New York Times

LIKENS WOMEN TO SAVAGES.
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Prof. Thomas Puts Them on a Level So Far as Intellect Is Concerned

Special to The New York Times.

Chicago, Jan. 19. — So far as intellect is concerned, the modern woman is on a plane with the savage, according to Prof. W. I. Thomas of the Sociology Department of the University of Chicago. The author of a new book, "Sex and Society," Prof. Thomas has spent a lifetime in studying women in the abstract as one of the important elements of sociology, and he thinks he ought to know. As for womanís intellectual development in the future, the Professor is not exactly optimistic.

The sociologist has completed the first few chapters of his work, which is expected to produce a sensation, under the title of "Mind of the Woman and the Lower Races," and they will appear to-morrow in the American Journal of Sociology, published by the University of Chicago Press.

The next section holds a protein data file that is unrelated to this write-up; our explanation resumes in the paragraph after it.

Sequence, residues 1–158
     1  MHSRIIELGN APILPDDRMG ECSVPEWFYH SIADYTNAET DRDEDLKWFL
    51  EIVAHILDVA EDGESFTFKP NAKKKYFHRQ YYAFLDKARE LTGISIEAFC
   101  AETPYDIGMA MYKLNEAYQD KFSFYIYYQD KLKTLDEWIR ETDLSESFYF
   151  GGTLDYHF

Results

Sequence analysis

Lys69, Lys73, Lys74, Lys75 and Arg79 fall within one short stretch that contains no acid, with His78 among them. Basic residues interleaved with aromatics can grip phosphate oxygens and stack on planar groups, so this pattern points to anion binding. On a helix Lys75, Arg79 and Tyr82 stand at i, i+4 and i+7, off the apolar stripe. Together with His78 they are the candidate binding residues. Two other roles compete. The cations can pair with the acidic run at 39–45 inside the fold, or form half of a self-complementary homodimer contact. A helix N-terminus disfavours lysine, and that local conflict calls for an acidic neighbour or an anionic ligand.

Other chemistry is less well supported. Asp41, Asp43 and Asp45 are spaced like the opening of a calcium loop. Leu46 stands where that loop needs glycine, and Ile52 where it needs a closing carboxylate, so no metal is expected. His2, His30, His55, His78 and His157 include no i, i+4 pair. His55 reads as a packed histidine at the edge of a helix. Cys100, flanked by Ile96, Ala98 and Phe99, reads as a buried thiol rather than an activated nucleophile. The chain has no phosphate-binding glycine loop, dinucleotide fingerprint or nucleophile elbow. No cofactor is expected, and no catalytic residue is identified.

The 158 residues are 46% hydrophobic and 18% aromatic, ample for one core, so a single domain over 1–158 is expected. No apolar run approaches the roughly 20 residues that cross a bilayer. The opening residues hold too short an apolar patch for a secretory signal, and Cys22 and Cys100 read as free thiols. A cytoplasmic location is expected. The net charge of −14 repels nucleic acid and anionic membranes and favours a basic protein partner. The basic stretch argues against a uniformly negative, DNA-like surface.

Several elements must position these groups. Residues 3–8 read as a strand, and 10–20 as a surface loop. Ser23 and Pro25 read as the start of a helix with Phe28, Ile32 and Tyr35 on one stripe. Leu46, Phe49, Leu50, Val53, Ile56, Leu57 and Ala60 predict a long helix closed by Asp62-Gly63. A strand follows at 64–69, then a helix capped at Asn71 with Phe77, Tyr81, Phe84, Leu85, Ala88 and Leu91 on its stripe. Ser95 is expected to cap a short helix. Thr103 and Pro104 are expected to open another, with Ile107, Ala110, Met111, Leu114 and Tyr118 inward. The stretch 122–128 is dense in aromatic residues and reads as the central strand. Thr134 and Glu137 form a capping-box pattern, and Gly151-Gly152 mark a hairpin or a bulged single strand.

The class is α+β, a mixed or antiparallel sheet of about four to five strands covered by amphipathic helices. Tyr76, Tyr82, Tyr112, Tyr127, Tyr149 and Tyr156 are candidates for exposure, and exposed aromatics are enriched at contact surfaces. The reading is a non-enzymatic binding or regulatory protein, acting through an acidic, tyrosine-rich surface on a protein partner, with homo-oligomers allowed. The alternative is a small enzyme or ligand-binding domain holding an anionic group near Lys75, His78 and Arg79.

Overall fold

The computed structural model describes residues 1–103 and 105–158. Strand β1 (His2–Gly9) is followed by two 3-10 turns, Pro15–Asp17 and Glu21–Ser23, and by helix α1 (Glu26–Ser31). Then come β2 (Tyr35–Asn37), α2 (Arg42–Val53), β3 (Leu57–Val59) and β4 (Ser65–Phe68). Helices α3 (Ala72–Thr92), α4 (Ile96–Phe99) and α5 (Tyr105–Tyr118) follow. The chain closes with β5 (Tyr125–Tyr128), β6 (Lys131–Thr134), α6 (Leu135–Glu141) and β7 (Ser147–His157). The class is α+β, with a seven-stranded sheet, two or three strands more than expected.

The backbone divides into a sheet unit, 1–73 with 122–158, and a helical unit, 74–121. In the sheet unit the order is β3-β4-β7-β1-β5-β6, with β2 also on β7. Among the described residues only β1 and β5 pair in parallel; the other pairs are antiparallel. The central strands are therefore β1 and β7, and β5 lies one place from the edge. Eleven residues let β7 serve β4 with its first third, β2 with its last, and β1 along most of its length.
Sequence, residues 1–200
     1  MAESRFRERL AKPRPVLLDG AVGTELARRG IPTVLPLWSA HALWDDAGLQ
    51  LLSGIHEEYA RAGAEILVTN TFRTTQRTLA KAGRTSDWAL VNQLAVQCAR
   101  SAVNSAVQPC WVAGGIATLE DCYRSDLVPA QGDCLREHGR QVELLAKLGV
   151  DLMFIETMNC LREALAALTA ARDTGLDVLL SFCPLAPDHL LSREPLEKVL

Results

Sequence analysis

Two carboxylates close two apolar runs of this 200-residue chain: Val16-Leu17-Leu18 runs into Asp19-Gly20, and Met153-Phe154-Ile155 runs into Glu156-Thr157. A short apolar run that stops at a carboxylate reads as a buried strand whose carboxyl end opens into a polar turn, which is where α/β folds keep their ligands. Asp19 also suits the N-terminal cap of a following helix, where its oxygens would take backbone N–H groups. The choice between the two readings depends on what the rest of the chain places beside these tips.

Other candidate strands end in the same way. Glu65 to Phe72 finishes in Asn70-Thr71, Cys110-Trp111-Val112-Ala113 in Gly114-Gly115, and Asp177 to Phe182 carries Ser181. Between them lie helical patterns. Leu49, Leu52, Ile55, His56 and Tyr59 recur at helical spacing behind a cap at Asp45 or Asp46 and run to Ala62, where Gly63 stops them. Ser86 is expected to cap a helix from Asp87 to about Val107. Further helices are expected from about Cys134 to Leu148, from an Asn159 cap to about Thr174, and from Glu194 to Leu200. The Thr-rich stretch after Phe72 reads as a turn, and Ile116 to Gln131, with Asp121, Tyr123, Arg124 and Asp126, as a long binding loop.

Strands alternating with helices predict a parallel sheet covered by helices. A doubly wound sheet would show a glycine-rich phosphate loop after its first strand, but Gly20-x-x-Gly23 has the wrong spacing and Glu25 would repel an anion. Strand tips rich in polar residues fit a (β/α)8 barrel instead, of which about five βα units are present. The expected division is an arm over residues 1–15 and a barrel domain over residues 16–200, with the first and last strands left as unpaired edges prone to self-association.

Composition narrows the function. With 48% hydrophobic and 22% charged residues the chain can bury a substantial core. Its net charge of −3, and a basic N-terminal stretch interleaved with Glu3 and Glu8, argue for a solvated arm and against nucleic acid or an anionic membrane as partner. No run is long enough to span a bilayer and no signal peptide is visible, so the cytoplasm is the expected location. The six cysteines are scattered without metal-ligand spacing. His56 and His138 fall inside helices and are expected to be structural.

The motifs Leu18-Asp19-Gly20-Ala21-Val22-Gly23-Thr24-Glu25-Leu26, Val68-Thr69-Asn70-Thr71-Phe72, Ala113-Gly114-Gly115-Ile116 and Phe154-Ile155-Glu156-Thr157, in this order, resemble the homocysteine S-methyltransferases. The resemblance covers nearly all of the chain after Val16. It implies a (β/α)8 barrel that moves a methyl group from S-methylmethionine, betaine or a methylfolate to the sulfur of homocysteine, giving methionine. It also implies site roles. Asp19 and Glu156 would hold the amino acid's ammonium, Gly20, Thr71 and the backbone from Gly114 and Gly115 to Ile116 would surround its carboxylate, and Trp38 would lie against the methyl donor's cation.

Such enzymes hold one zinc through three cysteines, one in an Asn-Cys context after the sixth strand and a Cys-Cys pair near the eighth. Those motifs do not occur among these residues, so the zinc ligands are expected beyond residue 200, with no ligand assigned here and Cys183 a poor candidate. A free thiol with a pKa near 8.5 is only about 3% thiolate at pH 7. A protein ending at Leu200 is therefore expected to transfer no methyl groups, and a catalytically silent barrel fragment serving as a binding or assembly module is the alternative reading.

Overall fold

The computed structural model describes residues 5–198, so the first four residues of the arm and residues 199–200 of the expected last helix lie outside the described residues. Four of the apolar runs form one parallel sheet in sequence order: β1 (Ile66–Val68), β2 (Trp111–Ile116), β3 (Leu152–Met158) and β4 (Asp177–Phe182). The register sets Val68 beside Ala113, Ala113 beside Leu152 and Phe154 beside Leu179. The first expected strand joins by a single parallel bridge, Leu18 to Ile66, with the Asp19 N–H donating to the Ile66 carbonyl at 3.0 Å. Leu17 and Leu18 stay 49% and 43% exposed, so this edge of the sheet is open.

"The world of modern intellectual life is in reality a white manís world," Prof. Thomas writes. "Few women and perhaps no blacks have ever entered this world in the fullest sense.

"The savage and woman are no what we call intellectual, because they are not taught to know and manipulate the materials of knowledge. The savage is outside the process from geographical reasons, and the woman does not participate, because it is neither necessary nor womanly.

"The American woman, with the enjoyment of greater liberty, has made an approach toward the standards of professional scholarship, and some individuals stand at the tope of their university studies and examinations.

"The personal liberty of women is, comparatively speaking, so great in America, suggestions and copies for imitation are spread broadcast so copiously in the schools, newspapers, books and lectures, and occupations and interests are becoming so varied that a number of women of natural ability and character are realizing some definite aim in a perfect way. But these are sporadic cases.

 

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